Madison B&B ordinance debate on horizon
By James Faucett
A Madison property owner’s request to amend the bed and breakfast ordinance met with opposition Monday as citizens crowded into the fire station conference room for the city council meeting.
Christy Friesen of 503 N. Main St. asked council members to change the bed and breakfast ordinance’s owner-occupation requirement. Explaining her intention to convert the historic Usher Thomason house on Main Street into a bed and breakfast, Friesen said, “I have three children and it is physically impossible for us to live there and run a business too, so I actually think it’s a little discriminatory, from family standpoints, the way the ordinance is written today.”
Friesen said she understood the reasoning behind the ordinance, “to prevent everybody from turning their home into a bed and breakfast,” but added, “I do live down the road. I am accountable. I will be there.” Friesen offered suggestions for alternatives to the stipulation, such as limiting the number of bed and breakfasts within the city limits.
Advising that changing the ordinance was an issue that would require more debate, Mayor Bruce Gilbert recalled participating in the original development of the ordinance some 20 years ago, remembering it as a long, arduous process.
“When you’re going into an R-1 and doing any kind of a commercial venture, it, of course, is something you need to look at closely,” Gilbert said.
In answering city council member Connie Booth as to the best way to proceed, city attorney Lee Abney said Friesen should meet with city staff, make a presentation of the specific things she’d like to see changed and propose a separate ordinance to be presented to the council.
“You could take that into account and look at the pros and the cons, and we could make sure that there’s no constitutional violation or any other on behalf of the city,” Abney said. “We can look at neighboring municipalities, question them, try and find someone that’s done this and see how it’s worked there.”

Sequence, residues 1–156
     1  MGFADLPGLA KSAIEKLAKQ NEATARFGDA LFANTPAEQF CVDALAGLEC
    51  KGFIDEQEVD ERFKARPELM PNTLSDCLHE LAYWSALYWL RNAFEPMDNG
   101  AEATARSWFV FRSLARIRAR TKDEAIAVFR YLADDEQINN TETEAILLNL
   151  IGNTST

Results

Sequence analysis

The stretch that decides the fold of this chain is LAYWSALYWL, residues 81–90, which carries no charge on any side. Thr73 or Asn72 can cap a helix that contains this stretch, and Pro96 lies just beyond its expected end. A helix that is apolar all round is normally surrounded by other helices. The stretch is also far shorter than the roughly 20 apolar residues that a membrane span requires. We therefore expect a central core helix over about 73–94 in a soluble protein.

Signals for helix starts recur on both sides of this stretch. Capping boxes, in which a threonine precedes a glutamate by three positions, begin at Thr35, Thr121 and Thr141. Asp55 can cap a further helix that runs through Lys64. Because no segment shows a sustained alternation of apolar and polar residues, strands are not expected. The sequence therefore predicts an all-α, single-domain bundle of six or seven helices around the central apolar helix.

When asked by Booth about the zoning implications of Friesen’s request, City Planning Manager Monica Callahan said changing the ordinance would not be a rezoning.
“Ms. Friesen has turned in her application for zoning action for a conditional use, but we know for a fact that her intention is not to occupy the building,” Callahan said. “Therefore the first thing that’s going to happen at a zoning hearing is a conversation about the conditions. They won’t weigh whether the owner lives in it or not. That is a requirement that’s levied under the code, not under zoning.”
As council members determined to schedule a work session, Gilbert said it “will be made available to anyone that wants to come. And if we have this large attendance at the work session, we’ll move to a different location. We’ll move to somewhere where it’s more comfortable.”
Standing at the back of the room, Madison resident James Orr said, “I think if we did plan a work session, we will need a bigger room because I can tell you there is strong opposition from the people who live there to turning this, overnight, from a residential area to a commercial area.”
Though Friesen interjected that the change wouldn’t do that, Orr insisted it would.
“It is a residential neighborhood now, people live there, and this will not be a permanent residence,” Orr said. “It will be commercial.”
Gilbert said he believed he may have received another request for a change to the ordinance that council would need to consider as well.
“Maybe we’ll have more input and more to talk about what’s happened in the past and why we’ve done things this way or that way and what we can do to protect neighborhoods,” he said.
The council passed a motion to postpone the request to change the bed and breakfast ordinance until a they had a work session or until the Mar. 8 meeting if the work session has not taken place by then.